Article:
Guillermo del Toro follows up Pan's Labyrinth with another fantastic dark fable. The Orphanage is a haunted house flick as good as the best of the genre. All of the traditional elements are there: a current resident of the house has a connection to its past; there are dark secrets unknown to the residents; a child can see things the adults can't. The Orphanage is special because it is at once merciless and tender-hearted, and del Toro can do both equally well. There are cinematic nods to previous classic films, including the quietly creepy Robert Wise film The Haunting, and terrible but fun movies like Hell House and The Changling.
I'm a jaded old fan of ghost movies; I've seen it all, and can almost invariably spot a gimicky cheap thrill coming down the pike before its pay-off. There were a couple such moments in The Orphange, however, when I leapt about three feet out of my chair. Only about 12 people made the noon matinee today, but we sounded like a far larger crowd following one particularly effective surprise--gasping, shrieking, and finally chuckling in uncomfortable admiration. I have to give del Toro props for catching me off guard.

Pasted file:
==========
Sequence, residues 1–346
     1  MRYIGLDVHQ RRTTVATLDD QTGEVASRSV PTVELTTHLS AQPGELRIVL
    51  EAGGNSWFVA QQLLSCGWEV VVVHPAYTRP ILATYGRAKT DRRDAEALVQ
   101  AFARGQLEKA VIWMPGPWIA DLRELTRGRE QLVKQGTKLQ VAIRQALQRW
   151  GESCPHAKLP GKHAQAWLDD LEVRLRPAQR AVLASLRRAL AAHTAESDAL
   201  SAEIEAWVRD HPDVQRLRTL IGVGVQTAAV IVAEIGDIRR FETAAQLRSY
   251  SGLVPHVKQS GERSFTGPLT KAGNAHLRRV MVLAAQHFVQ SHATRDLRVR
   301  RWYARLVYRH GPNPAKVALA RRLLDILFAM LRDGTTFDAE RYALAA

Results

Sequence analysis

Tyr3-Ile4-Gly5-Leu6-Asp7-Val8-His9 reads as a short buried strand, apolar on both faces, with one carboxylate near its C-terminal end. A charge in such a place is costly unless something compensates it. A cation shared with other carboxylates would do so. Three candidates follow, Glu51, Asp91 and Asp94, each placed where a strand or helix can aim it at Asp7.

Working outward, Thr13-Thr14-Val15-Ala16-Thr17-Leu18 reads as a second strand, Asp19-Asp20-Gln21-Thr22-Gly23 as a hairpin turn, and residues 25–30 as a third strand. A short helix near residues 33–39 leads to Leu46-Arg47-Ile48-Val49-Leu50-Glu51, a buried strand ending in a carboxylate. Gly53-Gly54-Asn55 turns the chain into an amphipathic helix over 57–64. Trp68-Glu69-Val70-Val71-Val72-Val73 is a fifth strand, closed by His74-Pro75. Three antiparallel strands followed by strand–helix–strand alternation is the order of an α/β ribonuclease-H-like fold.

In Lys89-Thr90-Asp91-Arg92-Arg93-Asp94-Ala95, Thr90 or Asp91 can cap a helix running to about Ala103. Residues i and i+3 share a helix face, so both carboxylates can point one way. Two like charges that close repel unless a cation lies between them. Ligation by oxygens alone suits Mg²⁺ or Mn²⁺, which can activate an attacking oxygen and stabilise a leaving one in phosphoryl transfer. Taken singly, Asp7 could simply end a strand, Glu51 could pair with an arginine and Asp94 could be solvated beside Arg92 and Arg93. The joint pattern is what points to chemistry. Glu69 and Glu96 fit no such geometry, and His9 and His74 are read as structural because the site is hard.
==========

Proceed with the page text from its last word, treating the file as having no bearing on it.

Yes, The Orphanage is similar in setting and theme to del Toro's The Devil's Backbone, but he manages to make a completely new film using the same raw materials. He can go on doing so every couple years, so far as I'm concerned.
Update: Ha! How lame am I? Del Toro only produced El Orfanato--it was directed by Juan Antonio Bayona. Sorry, dude!